In a letter today to Secretary of Commerce Gina Raimondo, Governor Janet Mills urged swift action by NOAA Fisheries to reduce the unnecessary economic harm to Maine fishermen that the recently announced Federal whale protection rule will cause.
“I don’t believe this rule, as written, should take effect at all, and, at the very least, I urge you to direct NOAA Fisheries to delay the rule’s implementation of gear marking and gear modifications (including both trawling up and insertion of weak points) to July 1, 2022,” wrote Governor Mills.
“It is entirely unfair that Maine lobstermen continue to be the primary target of burdensome regulations, despite the many effective mitigation measures they have taken and despite the data showing that ship strikes and Canadian fishing gear continue to pose significant risk to right whales,” she wrote.
On August 31, 2021, the National Marine Fisheries Service’s (NMFS) issued the Atlantic Large Whale Take Reduction Rule. In response, Governor Mills joined U.S. Senators Susan Collins and Angus King and U.S. Representatives Chellie Pingree and Jared Golden is opposing the rule.
In her letter today, Governor Mills highlighted gear marking requirements that are “alarmingly different than what was in the proposed rule.” Maine implemented a state-specific gear marking regulation in 2020 that provided flexibility to fishermen who move gear from offshore to inshore waters. After communicating with NOAA, Maine anticipated it would be reflected in the final rule. Instead, the final rule will require many fishermen to “purchase a second set of endlines,” wrote Governor Mills. She pointed out that the cost to fishermen for a second set of endlines is estimated to be over $9 million.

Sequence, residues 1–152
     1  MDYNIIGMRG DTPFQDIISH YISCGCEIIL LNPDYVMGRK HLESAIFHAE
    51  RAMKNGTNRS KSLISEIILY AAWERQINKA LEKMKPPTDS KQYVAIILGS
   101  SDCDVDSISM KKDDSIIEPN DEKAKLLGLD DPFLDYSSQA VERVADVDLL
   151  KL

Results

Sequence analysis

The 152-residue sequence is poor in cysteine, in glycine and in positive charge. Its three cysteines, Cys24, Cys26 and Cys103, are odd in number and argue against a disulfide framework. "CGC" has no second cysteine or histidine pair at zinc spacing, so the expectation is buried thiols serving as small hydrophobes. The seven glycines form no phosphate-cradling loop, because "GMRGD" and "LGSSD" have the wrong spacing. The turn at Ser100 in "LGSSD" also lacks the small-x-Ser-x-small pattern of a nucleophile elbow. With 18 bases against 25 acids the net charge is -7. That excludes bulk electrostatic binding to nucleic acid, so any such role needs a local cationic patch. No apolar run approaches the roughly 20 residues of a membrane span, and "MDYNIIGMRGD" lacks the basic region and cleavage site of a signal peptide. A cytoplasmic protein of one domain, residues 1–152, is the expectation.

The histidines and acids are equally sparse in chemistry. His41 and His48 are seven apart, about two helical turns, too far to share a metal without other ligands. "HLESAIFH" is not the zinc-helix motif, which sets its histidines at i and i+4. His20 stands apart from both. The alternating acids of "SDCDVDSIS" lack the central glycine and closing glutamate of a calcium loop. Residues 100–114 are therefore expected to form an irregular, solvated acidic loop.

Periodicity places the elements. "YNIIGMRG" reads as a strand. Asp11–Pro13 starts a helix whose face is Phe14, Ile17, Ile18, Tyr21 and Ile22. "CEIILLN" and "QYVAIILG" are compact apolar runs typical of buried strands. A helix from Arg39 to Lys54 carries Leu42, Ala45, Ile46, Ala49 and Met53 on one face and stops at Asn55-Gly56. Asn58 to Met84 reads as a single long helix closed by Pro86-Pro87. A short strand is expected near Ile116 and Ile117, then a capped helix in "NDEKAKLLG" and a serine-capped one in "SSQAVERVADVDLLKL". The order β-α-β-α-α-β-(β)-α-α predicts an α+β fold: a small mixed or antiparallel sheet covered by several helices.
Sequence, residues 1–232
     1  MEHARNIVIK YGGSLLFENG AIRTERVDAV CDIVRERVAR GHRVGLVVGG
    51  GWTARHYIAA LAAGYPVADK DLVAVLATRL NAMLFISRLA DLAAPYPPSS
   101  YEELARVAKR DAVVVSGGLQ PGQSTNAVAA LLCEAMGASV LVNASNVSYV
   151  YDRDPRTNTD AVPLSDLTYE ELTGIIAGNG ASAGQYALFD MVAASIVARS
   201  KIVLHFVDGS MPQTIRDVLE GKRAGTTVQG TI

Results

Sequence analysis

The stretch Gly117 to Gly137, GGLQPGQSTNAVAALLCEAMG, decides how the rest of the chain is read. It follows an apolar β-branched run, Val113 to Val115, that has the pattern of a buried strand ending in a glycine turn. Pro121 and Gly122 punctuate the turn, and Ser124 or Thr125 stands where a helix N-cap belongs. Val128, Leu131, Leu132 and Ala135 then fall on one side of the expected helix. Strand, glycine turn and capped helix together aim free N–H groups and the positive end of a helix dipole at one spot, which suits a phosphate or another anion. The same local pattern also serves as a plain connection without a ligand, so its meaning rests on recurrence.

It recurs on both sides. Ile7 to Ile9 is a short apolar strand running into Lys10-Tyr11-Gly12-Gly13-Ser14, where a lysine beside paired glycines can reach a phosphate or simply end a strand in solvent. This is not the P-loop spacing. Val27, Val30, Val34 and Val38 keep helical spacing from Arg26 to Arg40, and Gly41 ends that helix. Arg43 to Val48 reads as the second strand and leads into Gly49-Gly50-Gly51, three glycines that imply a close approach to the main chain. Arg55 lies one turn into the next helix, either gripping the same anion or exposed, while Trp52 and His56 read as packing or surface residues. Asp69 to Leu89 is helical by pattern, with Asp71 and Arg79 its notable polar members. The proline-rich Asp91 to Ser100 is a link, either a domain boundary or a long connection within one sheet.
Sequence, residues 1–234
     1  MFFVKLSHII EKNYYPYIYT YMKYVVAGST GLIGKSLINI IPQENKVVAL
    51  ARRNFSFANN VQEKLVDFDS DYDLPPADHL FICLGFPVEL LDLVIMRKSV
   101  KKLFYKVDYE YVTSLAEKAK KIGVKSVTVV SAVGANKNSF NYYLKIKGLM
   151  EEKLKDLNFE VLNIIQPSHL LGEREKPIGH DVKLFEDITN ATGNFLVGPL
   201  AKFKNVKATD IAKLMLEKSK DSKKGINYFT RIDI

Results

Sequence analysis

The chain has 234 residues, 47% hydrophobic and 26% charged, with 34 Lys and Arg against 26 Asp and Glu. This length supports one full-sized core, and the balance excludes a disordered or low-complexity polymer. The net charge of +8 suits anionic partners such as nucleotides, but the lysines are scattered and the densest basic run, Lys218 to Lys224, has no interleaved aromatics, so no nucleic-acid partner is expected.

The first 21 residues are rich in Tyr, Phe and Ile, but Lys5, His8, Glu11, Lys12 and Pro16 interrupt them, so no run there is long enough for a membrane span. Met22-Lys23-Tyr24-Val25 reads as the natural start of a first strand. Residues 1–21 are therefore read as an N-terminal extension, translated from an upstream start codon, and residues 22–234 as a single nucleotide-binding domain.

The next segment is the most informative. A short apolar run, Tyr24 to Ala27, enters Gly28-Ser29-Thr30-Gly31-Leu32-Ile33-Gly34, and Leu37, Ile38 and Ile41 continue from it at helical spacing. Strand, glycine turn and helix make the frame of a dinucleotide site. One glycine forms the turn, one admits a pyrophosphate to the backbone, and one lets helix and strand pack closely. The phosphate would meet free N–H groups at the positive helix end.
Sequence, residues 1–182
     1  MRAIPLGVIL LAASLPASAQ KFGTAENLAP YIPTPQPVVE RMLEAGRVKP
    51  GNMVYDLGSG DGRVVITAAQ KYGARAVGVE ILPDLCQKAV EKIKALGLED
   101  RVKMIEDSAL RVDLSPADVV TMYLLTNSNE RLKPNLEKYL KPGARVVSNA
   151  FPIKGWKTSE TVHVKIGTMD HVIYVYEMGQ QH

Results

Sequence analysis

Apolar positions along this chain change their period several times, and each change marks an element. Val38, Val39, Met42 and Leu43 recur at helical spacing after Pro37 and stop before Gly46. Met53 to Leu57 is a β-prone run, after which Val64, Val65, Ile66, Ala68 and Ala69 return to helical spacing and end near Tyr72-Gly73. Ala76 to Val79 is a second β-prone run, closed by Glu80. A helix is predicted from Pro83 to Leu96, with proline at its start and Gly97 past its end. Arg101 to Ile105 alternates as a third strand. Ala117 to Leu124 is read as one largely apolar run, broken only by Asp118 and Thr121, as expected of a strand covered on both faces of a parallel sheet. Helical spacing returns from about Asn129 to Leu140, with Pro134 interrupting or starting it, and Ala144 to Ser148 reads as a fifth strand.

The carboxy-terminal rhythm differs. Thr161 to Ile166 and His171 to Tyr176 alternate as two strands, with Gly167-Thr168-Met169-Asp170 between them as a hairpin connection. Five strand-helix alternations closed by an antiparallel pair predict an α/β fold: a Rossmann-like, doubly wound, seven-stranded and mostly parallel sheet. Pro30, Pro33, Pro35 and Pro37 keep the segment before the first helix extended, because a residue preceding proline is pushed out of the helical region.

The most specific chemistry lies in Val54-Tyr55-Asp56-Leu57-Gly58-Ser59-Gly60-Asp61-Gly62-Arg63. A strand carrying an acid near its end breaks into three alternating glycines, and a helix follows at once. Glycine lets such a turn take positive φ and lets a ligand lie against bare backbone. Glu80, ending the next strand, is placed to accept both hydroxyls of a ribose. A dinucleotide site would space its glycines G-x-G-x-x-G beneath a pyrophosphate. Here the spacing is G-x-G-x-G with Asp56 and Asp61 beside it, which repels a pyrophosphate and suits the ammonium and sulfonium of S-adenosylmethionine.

Revenue loss associated with the May 1, 2022 implementation deadline for required gear marking and modification will also unfairly burden Maine fishermen. “Fishermen who fish year-round usually do not begin to rotate their gear inshore until May. However, in order to meet the rule’s new requirements, fishermen anticipate a month or more of gear work to become compliant. Due to the NOAA deadline, gear will need to be brought back to port in March or April, when the price of lobster is very high,” wrote Governor Mills.
The expected loss from the implementation date, which was established without input from industry, is between $15 million and $25 million.
Governor Mills has repeatedly stood up for Maine’s vital lobster industry and its working men and women in the face of the Federal government’s right whale proposal. Last year, she wrote to the Commerce Department urging it to deny a petition by Pew Charitable Trusts that asks for three seasonal offshore closures in the Gulf of Maine and that would prohibit the use of vertical lines in the American lobster and Jonah crab fisheries in four areas of the New England coast.
She also filed comments with the National Oceanic and Atmospheric Administration (NOAA) on the draft Biological Opinion for ten fishery management plans in the Greater Atlantic Region, focusing on the North Atlantic Right Whale, expressing “grave concern” and warning it will be economically devastating and will fundamentally change Maine’s lobster fishery.
Her Administration, through the Maine Department of Marine Resources, also plans to file for intervenor status in the pending litigation Center for Biological Diversity v. Ross in the U.S. District Court in the D.C. Circuit in an effort to avoid having the court vacate the biological opinion (BiOp). If the biological opinion is vacated by the court, the potential outcome is a closure of the entire fishery. The Governor is supporting the effort by funding the use of specialized outside counsel through the Governor’s Contingent Account.